I recently had the pleasure of featuring Robert Hill’s newest book, The Remnants, a story of two near-centenarians preparing to observe their annual birthday tea and a town at the end of its days. His previous, debut novel, When All Is Said and Done, was shortlisted for the Oregon Book Awards’ Ken Kesey Awards for Fiction. A longtime resident of Portland, Oregon, Robert writes in an engaging style compared by one reviewer to James Joyce. It was a delight to have a chance to ask him ‘6 Questions’ and share his answers with you. – Mark McNease/Editor
MM: We’ll get to your new book The Remnants in a moment, but can you tell us first about yourself? I know you’re a New Englander by birth and a West Coaster by choice. How did that happen?
I recently read a series of profiles in the San Francisco Chronicle based on their Last Men Standing Project, focusing on the lives of long term HIV survivors. Among those profiled in the piece and in the documentary is the extraordinary Jesús Guillén. Not only is he a long term survivor, but he also helps countless others on a dedicated Facebook page, through his art, music, shamanism, and in his indomitable spirit. I was delighted to have the chance to ask him ‘6 Questions.’ – Mark McNease/Editor
Note: This interview was edited with Jesús Guillén’s permission.
MM: How did you come to be involved with the ‘Last Men Standing’ project, and what was the process like for that as a written feature and a documentary?
JG: Ah, my point of view, my story, hopefully represented well. In the end all I can do is be myself and tell you how and what I’m going through or how I happen to be part of the LAST MEN STANDING project.
Wonderful connections are often made out of the blue. I recently had another of those serendipitous moments when I corresponded with Grace Anne Stevens, author, educator, Huffington Post blogger, mover and motivator. Grace’s most recent book, No! Maybe? Yes! Living My Truth provides more than a memoir – it gives readers a first-hand tour of change, renewal and authenticity. Following are Grace’s in-depth answers to ‘6 Questions,’ answers I think you’ll find as educational and informative as they are encouraging for anyone wanting to live their truth. – Mark McNease/Editor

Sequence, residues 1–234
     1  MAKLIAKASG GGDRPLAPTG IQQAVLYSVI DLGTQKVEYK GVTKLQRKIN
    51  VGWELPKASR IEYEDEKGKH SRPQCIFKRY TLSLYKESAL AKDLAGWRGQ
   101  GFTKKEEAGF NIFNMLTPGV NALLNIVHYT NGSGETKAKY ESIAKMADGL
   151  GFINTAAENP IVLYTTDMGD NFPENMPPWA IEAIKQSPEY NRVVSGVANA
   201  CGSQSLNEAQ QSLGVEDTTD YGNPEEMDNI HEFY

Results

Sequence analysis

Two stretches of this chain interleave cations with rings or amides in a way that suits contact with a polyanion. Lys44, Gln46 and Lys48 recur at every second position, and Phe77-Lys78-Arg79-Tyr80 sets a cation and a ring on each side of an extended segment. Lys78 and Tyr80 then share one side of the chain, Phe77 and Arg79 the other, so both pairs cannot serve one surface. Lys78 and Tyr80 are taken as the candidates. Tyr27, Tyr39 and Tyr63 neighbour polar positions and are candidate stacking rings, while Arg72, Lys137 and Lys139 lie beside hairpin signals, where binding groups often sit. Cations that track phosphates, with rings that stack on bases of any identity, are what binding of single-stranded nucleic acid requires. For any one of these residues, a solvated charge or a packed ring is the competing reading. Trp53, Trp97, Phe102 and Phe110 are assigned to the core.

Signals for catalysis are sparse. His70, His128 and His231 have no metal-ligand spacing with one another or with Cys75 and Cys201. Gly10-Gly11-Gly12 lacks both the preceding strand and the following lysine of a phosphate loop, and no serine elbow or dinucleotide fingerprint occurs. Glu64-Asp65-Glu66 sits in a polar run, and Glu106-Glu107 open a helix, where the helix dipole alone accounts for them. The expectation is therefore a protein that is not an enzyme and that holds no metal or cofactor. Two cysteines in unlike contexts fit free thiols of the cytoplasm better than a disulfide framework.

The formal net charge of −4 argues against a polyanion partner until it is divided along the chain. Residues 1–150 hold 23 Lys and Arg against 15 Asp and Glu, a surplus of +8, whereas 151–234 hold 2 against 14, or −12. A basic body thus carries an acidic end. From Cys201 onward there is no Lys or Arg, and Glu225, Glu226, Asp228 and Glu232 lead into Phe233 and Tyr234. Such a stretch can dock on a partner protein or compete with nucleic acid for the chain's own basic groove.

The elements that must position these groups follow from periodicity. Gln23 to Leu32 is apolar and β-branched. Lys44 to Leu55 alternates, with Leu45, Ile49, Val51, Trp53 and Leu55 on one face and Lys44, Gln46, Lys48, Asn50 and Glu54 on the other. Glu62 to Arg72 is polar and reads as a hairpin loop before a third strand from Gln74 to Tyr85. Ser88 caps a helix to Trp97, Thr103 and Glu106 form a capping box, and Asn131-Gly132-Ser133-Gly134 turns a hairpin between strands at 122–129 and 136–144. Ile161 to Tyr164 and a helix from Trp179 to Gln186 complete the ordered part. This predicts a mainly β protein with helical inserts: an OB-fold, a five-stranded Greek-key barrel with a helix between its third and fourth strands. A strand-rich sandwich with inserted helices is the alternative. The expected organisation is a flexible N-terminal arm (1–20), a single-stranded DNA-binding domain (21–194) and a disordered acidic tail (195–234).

MM: It was so nice to connect with you. Let’s start with your book, No! Maybe? Yes! Living My Truth. What was the genesis for this book, and what can readers expect to find in its pages?
GS: Thanks so much, Mark. It is such a great pleasure to connect also, and thanks for all of these great questions.
Now and then I’m fortunate to share a new Featured Book and immediately want to interview the author. Paul Plumadore’s recent Archive 1957-1974 was one of those times. The book is his memoir of a life in dance that began at age 7 and carried him through an extraordinary series of achievements, including a stint in the internationally renowned Paul Taylor Dance Company in his 20’s. Utilizing photographs from the period, the book “chronicles the joy as well as the agony of the life of a dancer coming-out during the sexual revolution in 1970’s New York City.”
Following are Paul’s answers to ‘6 Questions’, each revealing a remarkable life of accomplishment, setback, grief and renewal. – Mark McNease/Editor
MM: You’ve recently published a book, Archive 1957 – 1974, about your life in dance. Can you tell us about the book and what readers can expect to find in it?
PP: Archive is a memoir that begins at age 7 when I took my first tap lesson and told my mother that same day that I would become a dancer, and ends in the year 1974 after my time with the Paul Taylor Dance Company. Those 17 years were filled with determination, excitement and, ultimately, hardship. It is the journey of a wide-eyed country boy who struggled to prove himself and turn himself into an artist through dance.